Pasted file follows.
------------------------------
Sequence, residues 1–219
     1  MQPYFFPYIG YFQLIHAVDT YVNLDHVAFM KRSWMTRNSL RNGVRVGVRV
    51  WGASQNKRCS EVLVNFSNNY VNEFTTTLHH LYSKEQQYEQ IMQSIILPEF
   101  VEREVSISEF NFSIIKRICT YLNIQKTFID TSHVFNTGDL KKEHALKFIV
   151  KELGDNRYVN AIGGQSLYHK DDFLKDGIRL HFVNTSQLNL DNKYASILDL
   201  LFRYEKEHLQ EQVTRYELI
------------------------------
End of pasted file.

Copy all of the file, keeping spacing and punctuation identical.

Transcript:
Sequence, residues 1–219
     1  MQPYFFPYIG YFQLIHAVDT YVNLDHVAFM KRSWMTRNSL RNGVRVGVRV
    51  WGASQNKRCS EVLVNFSNNY VNEFTTTLHH LYSKEQQYEQ IMQSIILPEF
   101  VEREVSISEF NFSIIKRICT YLNIQKTFID TSHVFNTGDL KKEHALKFIV
   151  KELGDNRYVN AIGGQSLYHK DDFLKDGIRL HFVNTSQLNL DNKYASILDL
   201  LFRYEKEHLQ EQVTRYELI